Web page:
Cars can get successful for a number of reasons, such as performance, comfort, ease of maintenance and above all, the looks. All around the world visual characteristics are considered a key element in determining the success of a vehicle; however in our market this can also spawn a certain nickname which gets permanently associated to a particular model so much that actually becomes its identity.
Below we are sharing some of these nicknames which you might have heard in the market, particularly if you are out to look for a used car or during interactions with car dealers/ brokers.
80s was the era that gave us classically pure geometric designs due to the start of CAD (Computer Aided Design) usage in automobile design and development. Later on, a few key technological developments allowed designers & automakers to make their cars curvier.
In 1987, the 3rd generation Daihatsu Charade G100 was one of the first such cars to appear in our market which was a bit roundish as per typical 80s styling trend. With its smooth design language and a sloping roof line, the car was soon labeled as ‘anda’ (egg) by our people. And even today there is no other word that best identifies the 3rd gen Charade. Just go out in the market & say Anda Charade and everyone would know which car you are referring to.
Continuing on with the transformation in design trends which were adapting smoother styling leaving behind the sharp-edged design fad of the 80s, came the era with a flat hood and raised cabin & trunk which originated the term ‘Dolphin’.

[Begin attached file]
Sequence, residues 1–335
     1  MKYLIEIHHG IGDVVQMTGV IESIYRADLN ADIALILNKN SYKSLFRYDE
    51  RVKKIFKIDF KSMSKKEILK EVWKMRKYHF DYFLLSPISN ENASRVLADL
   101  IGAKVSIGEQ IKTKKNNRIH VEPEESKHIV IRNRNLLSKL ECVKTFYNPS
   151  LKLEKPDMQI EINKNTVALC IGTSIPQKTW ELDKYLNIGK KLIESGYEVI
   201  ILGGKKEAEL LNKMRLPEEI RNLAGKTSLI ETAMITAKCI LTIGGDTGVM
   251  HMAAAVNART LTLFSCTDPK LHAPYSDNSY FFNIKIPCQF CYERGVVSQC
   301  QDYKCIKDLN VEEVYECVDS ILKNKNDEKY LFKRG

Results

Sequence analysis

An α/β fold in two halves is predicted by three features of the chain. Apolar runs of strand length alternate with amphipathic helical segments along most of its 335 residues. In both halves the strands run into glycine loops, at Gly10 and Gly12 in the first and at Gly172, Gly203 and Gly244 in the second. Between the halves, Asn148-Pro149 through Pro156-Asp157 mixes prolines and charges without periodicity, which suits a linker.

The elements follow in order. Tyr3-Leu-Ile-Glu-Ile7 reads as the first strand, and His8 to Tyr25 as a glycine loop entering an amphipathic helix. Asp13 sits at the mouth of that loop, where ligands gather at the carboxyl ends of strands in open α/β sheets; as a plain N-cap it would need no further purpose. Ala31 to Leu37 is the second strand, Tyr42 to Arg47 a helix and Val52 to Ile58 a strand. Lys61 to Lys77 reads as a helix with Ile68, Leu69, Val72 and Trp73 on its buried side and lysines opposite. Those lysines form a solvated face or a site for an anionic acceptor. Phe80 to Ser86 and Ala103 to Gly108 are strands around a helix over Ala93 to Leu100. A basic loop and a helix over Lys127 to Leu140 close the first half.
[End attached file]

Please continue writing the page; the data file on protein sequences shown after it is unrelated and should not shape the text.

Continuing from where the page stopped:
The profile of these cars resembled a dolphin’s head with a low flat bonnet resembling the snout and a much elevated cabin to follow. In late 80s the 4th gen Lancer was first to be labeled as Dolphin, however with the arrival of 5th gen Civic which was the first locally assembled Honda, the name got permanently glued to the Civic since it was more smoother than the Lancer in terms of styling and with the absence of grille up front, looked more like a dolphin– truly.
4th gen Honda City & its nick names
As weird as it sounds, the 4th gen City iDSI is often called as ‘Chooha (rat) City’ in used car market. Due to its sloping windshield which almost gets the same angle as that of its bonnet makes it reminiscent to a rat in a crouching position. Hilarious to say the least, some also refers it to an ‘istree’ (electric iron) in used car market.
The Pak Suzuki Bolan
This refers to the Suzuki Bolan, which originally is an ST-90 Carry Hi-roof from 1979. Carry here refers to its original name and ‘dabba’ (box) is because, well… it’s a box. Not only that its looks like one, but just like a box, it has got literally nothing in it.
When Honda Atlas introduced the 8th gen Civic in 2006, it was a head-turner and unique in a number of ways. Not only that it was bigger than before and was the first local assembled Civic model to carry a 1.8 liter R-series engine with a staggering 140hp packed under its hood, it was distinctive due to the presence of twin tip exhaust, two-tier dashboard and opposite moving windshield wipers etc.
Honda used the word ‘Reborn’ in its marketing campaign to sell this Civic in Pakistan and the word got so popular that it got permanently associated with the car. Today many might not remember that TVC, but ask anyone about a Civic Reborn, they will raise their fingers towards an 8th gen Honda Civic.
Mehru aka the Boss